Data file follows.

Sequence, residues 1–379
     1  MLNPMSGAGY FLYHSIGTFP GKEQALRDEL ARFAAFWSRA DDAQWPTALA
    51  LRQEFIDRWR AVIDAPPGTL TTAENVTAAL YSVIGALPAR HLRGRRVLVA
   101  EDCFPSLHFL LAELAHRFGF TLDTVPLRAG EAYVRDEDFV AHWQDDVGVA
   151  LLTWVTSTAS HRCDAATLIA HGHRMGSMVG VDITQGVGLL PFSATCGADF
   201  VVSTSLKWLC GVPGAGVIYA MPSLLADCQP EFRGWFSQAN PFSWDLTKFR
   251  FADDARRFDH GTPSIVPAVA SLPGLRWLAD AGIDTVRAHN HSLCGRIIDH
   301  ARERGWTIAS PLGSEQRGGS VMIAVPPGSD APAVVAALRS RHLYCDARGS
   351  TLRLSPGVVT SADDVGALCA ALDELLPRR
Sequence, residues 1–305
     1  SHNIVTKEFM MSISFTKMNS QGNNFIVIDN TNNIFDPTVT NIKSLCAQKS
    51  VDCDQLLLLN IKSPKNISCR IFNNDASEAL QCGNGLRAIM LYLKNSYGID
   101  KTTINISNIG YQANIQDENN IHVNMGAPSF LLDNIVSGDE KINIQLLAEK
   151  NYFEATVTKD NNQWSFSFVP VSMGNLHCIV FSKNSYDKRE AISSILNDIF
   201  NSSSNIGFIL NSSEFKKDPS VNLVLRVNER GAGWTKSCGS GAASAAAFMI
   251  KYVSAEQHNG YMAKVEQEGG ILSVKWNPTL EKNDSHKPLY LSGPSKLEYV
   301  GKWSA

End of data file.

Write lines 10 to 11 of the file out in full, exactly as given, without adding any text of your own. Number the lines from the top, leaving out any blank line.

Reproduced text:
Sequence, residues 1–305
     1  SHNIVTKEFM MSISFTKMNS QGNNFIVIDN TNNIFDPTVT NIKSLCAQKS